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NATO Hasn’t Been a “Defensive Alliance” For a Long Time

Bret Stephens makes [1] a number of absurd claims in his latest column, but this may be the most ridiculous:

NATO is a defensive alliance.

If Stephens had written this twenty years ago, he would have been right. Unfortunately, NATO hasn’t been a purely defensive alliance in a long time. Between its unnecessary “out of area” missions, its unlawful military intervention in Kosovo, and its latest unwise adventure in Libya, NATO has been much more than a “defensive” alliance for most of the last two decades. It has also been an anti-Russian alliance by design, no matter what alliance officials and Western politicians have said about this since the end of the Cold War. Had NATO stayed as nothing more than a defensive alliance to protect its members against attack, it probably wouldn’t have seemed all that threatening. Instead, it has fought offensive wars for reasons that have nothing to do with allied security, and it has attacked governments that have not threatened any of its members. If NATO had not made a point of incorporating almost all of Russia’s neighbors as new members, its historically anti-Russian character might have been less provocative. Taken together, NATO’s unnecessary wars and its constant push to expand into eastern Europe were bound to alarm Moscow, and so they have. If NATO had at least remained as the defensive alliance that it was supposed to be, the U.S. and Russia would probably not be in the positions they are now.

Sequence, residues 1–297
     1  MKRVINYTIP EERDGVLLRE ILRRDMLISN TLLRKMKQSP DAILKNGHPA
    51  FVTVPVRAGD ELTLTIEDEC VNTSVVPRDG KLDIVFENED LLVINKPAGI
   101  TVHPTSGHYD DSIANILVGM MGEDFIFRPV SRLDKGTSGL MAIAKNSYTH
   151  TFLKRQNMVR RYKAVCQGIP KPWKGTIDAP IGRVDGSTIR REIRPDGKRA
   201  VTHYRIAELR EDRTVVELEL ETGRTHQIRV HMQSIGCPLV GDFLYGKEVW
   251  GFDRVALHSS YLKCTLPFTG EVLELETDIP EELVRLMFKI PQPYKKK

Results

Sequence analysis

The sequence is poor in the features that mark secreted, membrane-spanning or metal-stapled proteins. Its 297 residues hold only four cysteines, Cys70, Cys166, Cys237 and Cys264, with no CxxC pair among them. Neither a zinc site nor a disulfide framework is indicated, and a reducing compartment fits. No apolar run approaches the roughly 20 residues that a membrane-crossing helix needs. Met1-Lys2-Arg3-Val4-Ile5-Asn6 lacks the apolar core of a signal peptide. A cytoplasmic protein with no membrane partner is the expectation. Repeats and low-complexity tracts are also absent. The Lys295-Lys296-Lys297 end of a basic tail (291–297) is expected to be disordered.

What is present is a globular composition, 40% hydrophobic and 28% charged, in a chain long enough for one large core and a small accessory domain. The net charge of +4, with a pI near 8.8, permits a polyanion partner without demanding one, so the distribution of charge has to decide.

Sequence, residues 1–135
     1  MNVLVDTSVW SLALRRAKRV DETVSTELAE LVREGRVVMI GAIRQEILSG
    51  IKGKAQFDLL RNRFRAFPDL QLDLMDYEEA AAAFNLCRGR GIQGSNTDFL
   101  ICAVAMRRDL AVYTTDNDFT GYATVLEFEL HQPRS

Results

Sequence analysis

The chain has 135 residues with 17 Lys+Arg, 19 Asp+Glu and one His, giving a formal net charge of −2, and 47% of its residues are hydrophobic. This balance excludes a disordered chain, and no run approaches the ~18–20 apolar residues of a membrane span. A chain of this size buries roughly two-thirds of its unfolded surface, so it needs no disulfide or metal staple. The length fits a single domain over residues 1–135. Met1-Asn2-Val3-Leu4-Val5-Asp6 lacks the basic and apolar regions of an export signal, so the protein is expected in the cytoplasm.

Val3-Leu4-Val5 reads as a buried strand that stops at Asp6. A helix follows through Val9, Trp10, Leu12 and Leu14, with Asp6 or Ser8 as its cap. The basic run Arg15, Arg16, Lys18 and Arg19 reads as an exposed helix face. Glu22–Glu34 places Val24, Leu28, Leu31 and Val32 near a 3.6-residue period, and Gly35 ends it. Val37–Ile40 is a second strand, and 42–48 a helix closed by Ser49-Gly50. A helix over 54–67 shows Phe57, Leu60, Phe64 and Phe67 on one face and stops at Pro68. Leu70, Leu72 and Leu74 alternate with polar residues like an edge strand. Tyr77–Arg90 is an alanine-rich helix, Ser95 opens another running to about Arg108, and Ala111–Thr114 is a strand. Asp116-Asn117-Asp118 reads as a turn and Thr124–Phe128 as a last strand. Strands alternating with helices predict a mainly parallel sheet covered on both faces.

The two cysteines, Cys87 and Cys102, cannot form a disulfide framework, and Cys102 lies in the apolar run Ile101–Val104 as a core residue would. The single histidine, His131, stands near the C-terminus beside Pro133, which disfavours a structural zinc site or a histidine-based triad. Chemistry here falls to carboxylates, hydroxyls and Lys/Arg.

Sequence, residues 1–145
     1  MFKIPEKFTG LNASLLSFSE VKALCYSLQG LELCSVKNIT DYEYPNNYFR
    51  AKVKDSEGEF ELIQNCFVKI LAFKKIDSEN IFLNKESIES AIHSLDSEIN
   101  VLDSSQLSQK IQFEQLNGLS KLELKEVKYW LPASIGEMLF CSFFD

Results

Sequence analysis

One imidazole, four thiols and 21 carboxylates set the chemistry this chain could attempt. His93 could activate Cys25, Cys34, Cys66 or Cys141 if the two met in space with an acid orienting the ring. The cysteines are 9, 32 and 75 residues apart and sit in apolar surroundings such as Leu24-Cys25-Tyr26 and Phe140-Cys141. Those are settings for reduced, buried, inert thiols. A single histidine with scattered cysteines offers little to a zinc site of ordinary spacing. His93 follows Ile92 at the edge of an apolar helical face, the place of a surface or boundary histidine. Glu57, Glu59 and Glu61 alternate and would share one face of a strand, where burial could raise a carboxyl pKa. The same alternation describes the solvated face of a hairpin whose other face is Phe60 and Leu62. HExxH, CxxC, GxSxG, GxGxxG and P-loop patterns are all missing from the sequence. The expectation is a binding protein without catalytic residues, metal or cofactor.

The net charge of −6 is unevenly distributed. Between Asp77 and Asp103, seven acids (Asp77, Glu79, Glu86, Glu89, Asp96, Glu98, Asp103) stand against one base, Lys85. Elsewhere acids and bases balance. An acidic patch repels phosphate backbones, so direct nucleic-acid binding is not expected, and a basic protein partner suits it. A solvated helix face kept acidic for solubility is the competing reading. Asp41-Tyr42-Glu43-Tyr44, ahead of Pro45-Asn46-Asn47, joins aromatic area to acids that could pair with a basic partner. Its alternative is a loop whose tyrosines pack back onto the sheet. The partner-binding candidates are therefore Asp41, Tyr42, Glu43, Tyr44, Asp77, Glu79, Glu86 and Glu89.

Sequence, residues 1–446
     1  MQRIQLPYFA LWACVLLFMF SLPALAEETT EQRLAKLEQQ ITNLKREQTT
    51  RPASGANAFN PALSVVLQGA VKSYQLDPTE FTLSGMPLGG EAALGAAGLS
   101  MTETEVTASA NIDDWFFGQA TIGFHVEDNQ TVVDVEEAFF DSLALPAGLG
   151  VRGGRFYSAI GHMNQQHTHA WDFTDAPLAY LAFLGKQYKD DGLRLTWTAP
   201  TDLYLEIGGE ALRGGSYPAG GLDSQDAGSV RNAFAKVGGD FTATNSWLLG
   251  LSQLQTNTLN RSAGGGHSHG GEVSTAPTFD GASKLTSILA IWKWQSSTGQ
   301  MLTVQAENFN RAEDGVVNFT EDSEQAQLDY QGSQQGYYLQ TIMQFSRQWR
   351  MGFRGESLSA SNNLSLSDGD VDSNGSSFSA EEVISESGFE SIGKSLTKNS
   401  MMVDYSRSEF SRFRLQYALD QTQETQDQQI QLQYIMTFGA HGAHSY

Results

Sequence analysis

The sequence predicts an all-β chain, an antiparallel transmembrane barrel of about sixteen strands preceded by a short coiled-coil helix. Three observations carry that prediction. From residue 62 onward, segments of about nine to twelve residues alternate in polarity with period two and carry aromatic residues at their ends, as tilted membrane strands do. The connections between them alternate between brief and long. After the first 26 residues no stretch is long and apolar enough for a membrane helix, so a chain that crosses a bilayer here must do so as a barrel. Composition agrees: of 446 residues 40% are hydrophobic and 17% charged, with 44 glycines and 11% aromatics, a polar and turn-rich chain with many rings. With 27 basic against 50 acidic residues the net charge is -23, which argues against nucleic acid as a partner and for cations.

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23 Comments To "NATO Hasn’t Been a “Defensive Alliance” For a Long Time"

#1 Comment By Ken Ward On March 25, 2014 @ 2:21 am

To look at another organ of mainstream opinion, it’s been instructive to see that none of the New York Times’ ever-growing chorus of critics of Putin’s actions have mentioned NATO’s expansion. Cohen, Douthat, Friedman, Kristof and McFaul, in their haste to condemn Russia’s Hitler, have all galloped past and ignored this major factor influencing his behaviour.
NATO’s transformation into an offensive alliance has made it a convenient substitute for the United Nations, because no rogue members veto US decisions. NATO is now virtually synonymous with that other useful, non-vetoing entity, the ‘international community’.